“It is a regressive tax on the poor and for small businesses that depend on imported goods,” said Jesuit Father Richard McGowan, a professor in the Finance Department at Boston College’s Carroll School of Management. Father McGowan said such a tariff, though, could preserve U.S. jobs, especially in the auto industry, and probably prompt large retailers such as Walmart to find other sources of cheaper goods.

“Most economists will be in favor of trade because overall production of goods and services will increase if you allow countries to produce that have a comparative advantage,” Father McGowan said.

Resonates With U.S. Workers

But the Republican president’s trade skepticism has resonated with millions of U.S. workers, as well as progressive union and labor organizations, who have seen factories in the Northeast and Midwest shut their doors over the last several decades and move to other countries.

Clayton Sinyai, a board member of the Catholic Labor Network, told the Register that the labor movement and the Church in the United States have been pointing to the hazards of profit-driven globalization for decades.

“Free-trade agreements that facilitate a race to the bottom, where nations compete for the favors of multinational corporations by reducing labor standards, slashing environmental and safety regulations, and reducing social investment increase economic inequality and ultimately hurt workers everywhere,” said Sinyai, who suggested that the recent election cycle marked a “remarkable turnaround” after decades of neglect by both major political parties.

“The president’s decision to withdraw from TPP and to review and revise NAFTA to better protect American workers represents an important opening, if the dialogue can be widened to include solidarity with workers in the global south, as well,” Sinyai said.

But while economists agree that international trade agreements inevitably result in some workers being displaced, they argue there are more factors at work, especially automation.

“At the same time that we’ve seen international trade, we’ve also seen technological changes, with manufacturers moving more toward robotics. Things like that are a little more subtle. They don’t get the big news you get when the U.S. signs a trade agreement,” said Thomas Gresik, an economics professor at the University of Notre Dame.

“There is no doubt manufacturing jobs have declined over the last several decades, in terms of the number of jobs. I would attribute that partly to international trade, outsourcing and offshoring, but I think it’s largely due to automation and greater technology,” said Richards, who argues that NAFTA on balance has been beneficial to the United States, Mexico and Canada.

“Trump seems to speak of international trade and trade agreements as if they are all cost and no benefit,” Richards said. “In fact, I think it’s much more of a mixed bag.”

Opportunity for China?

President Barack Obama’s administration supported the TPP, partly on geopolitical grounds that the pact would economically align member nations with the United States instead of China.

“China is already moving on this, to sign trade agreements with the same countries that we would have entered into the agreement with, and that will have the effect of diverting trade toward China,” Gresik told the Register.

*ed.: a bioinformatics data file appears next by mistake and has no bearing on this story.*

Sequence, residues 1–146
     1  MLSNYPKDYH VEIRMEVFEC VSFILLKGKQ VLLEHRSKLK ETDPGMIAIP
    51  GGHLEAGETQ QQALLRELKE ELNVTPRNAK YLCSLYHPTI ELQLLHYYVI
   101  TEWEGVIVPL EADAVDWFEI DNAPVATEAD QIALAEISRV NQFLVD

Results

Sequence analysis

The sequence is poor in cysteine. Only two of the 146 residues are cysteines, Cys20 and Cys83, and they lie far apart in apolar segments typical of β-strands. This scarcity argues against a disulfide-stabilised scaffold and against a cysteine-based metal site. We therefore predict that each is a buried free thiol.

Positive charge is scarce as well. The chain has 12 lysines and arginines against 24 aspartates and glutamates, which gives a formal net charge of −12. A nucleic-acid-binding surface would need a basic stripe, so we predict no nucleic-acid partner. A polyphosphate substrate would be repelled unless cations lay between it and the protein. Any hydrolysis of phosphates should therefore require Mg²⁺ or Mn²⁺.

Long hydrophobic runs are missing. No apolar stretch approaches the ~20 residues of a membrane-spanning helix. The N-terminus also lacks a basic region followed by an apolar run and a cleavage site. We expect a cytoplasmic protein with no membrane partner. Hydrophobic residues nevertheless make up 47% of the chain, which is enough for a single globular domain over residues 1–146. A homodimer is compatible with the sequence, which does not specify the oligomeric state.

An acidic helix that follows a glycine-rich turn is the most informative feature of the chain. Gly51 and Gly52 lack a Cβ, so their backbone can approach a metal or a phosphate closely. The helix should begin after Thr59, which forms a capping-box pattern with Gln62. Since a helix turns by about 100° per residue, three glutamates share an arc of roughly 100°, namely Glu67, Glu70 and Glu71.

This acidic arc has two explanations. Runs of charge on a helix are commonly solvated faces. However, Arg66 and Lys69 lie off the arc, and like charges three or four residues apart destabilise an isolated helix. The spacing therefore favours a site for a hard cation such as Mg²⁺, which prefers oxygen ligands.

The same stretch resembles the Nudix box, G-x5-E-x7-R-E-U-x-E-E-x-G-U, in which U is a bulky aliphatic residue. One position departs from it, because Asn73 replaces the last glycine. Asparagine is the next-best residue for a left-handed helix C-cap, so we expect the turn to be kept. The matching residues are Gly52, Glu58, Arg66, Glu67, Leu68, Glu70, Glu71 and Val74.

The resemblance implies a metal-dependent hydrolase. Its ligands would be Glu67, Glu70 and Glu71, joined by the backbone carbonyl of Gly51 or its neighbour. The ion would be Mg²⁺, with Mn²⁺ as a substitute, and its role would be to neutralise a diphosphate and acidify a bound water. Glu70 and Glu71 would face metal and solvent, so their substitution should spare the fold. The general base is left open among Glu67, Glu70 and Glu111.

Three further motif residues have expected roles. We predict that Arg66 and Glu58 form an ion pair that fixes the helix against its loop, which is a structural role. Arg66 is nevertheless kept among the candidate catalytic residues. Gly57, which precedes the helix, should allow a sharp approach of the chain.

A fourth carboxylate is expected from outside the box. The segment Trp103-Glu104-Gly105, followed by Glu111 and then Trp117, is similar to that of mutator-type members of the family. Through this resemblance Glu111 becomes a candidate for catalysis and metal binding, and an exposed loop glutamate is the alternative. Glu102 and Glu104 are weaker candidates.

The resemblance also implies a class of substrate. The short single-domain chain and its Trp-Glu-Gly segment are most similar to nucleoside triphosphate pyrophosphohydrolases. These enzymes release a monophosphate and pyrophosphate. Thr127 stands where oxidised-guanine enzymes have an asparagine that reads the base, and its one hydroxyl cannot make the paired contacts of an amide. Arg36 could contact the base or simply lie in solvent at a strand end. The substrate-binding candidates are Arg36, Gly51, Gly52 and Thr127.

Joseph McCartin, executive director of the Kalmanovitz Initiative for Labor and the Working Poor at Georgetown University, told the Register that although the TPP was unlikely to offer much help to beleaguered American workers, its cancellation could cause larger problems.

“One characteristic of Trump’s moves on this and other issues is that they are impulsive and are not linked to a broader strategy,” said McCartin, who suggested that canceling the TPP does not itself create a strategy for lifting stagnant wages of American workers. He also said trade deals in general do not take Catholic social teachings very seriously.

“They do not tend to include workers’ representatives in their drafting,” McCartin said. “They have not resulted in the strengthening of real workers’ rights, such as the right to organize. Where labor protections are written into them, those protections tend to be flimsy and lack enforcement. Trade agreements have mostly benefited the elites of the nations that have engaged in them.”

In his 2009 encyclical Caritas in Veritate (Charity in Truth), Pope Benedict XVI wrote that the new context of modern international trade and finance had altered the political power of modern nation-states, exposing and straining limitations on their sovereignty.

‘Fair Trade, Not Just Free Trade’

While the U.S. bishops’ conference offers its list of principles to evaluate trade pacts, Richards argued that the principles do not really offer a concrete way to decide for or against trade agreements.

“I think you have to look at real economic outcomes. You don’t want outcomes where more people are harmed than others, for example, or in which the environment is degraded,” Richards said.

Colecchi, from the bishops’ conference, noted that the bishops, in January, released a background document on trade agreements that stressed that such pacts have consequences and moral dimensions, and so must be evaluated with reference to the effects they have on people of both developed and developing countries.

Said Colecchi, “It needs to be fair trade, not just free trade, and it needs to be trade which is win-win.”